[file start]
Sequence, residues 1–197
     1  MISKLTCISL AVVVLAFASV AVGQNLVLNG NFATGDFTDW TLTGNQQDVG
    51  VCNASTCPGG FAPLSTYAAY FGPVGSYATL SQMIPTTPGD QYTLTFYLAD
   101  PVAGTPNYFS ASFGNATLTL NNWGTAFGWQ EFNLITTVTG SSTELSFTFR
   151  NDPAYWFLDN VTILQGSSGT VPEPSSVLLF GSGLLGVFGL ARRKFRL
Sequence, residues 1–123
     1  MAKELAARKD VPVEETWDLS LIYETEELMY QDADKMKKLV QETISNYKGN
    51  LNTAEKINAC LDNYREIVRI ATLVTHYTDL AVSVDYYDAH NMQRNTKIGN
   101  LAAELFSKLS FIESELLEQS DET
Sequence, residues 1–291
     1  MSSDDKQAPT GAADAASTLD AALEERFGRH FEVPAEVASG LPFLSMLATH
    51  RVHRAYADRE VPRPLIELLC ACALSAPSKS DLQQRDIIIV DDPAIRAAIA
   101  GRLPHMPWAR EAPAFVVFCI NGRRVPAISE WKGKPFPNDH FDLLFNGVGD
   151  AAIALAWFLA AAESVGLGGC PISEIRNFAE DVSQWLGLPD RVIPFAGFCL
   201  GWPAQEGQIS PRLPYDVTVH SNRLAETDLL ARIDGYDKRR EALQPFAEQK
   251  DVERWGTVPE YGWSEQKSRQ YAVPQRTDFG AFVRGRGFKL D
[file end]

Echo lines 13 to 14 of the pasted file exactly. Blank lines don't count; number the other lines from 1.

   101  GRLPHMPWAR EAPAFVVFCI NGRRVPAISE WKGKPFPNDH FDLLFNGVGD
   151  AAIALAWFLA AAESVGLGGC PISEIRNFAE DVSQWLGLPD RVIPFAGFCL